Effects of caffeine on muscle signals measured with sEMG signals

(1) East Coweta High School, Sharpsburg, Georgia, (2) Sewon America, Inc., Lagrange, Georgia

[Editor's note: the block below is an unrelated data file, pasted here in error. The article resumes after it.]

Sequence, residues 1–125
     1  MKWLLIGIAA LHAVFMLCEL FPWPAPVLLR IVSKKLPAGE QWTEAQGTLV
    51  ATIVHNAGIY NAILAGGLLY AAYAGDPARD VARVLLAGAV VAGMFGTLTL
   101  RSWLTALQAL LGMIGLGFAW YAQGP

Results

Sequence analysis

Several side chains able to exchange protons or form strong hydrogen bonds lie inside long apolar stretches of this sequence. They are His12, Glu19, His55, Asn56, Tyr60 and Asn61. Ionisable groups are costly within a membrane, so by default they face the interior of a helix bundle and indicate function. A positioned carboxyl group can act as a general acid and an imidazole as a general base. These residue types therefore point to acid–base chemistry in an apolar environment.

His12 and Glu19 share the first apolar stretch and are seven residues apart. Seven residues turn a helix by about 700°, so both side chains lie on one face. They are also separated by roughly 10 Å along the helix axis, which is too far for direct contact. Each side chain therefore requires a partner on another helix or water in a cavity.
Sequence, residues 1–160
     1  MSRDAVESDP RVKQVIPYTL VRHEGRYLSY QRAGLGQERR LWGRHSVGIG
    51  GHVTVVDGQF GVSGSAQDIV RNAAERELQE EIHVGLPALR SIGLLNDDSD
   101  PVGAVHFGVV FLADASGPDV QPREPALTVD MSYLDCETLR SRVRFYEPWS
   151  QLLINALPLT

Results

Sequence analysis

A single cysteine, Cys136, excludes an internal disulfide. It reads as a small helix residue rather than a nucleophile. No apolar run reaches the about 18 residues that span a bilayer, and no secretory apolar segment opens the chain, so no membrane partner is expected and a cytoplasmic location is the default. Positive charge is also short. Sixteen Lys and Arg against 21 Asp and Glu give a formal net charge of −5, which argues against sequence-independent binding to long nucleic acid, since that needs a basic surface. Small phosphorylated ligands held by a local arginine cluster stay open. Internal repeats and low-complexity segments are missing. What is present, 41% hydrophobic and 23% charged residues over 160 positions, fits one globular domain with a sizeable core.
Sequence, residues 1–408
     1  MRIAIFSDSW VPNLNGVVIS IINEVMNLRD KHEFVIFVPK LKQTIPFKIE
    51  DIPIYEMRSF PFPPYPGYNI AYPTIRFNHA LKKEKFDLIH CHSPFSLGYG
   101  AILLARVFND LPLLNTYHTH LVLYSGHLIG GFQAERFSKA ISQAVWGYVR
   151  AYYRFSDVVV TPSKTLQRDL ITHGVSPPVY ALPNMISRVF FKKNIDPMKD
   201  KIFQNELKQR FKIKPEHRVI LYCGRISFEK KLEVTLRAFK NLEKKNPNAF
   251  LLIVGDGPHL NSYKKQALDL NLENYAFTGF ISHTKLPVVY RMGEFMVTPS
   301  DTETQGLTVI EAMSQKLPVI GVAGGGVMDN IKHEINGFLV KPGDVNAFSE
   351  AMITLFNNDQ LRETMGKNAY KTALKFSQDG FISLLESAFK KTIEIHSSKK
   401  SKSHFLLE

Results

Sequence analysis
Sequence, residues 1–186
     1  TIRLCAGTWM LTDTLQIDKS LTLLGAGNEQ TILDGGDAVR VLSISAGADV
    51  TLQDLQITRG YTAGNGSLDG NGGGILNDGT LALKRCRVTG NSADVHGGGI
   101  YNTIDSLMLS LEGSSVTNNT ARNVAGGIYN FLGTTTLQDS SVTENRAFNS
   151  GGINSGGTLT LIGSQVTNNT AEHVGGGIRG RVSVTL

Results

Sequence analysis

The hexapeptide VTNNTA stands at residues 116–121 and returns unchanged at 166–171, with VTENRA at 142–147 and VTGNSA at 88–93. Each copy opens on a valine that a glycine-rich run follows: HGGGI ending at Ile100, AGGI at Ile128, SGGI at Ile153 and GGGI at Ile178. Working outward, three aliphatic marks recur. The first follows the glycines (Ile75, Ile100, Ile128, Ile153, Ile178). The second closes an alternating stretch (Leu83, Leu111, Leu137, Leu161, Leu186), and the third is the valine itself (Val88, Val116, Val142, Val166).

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Caffeine is widely known for its ability to arouse the central nervous system. However, it is unclear whether caffeine can improve muscle performance. Previous studies have shown that caffeine has no significant effect on muscles during contraction. We conducted this experiment to determine if caffeine acts as a potential stimulant to the resting biceps, and unlike previous studies, ours was conducted on the resting human body after caffeine intake. The state of muscle was assessed with surface electromyography (sEMG), which non-invasively measures the muscle signals, or the level of electric activity of muscles. The sEMG results collected before caffeine intake and after 45 minutes of intake were compared to test the hypothesis that caffeine intake significantly changes the sEMG results. We also measured sEMG 10 hours after intake to investigate if there were any significant changes after caffeine is expected to be completely metabolized in the body and cleared from the bloodstream. We found that the average amplitudes were significantly increased in the sEMG 45 minutes after caffeine intake compared to before caffeine intake. Also, there were no significant changes in the sEMG 10 hours after caffeine intake, after most of the caffeine would have cleared from the bloodstream. We concluded that caffeine has significant potential to affect the resting biceps and suggest further research to study the contrasting outcomes from our experiments and previous research.

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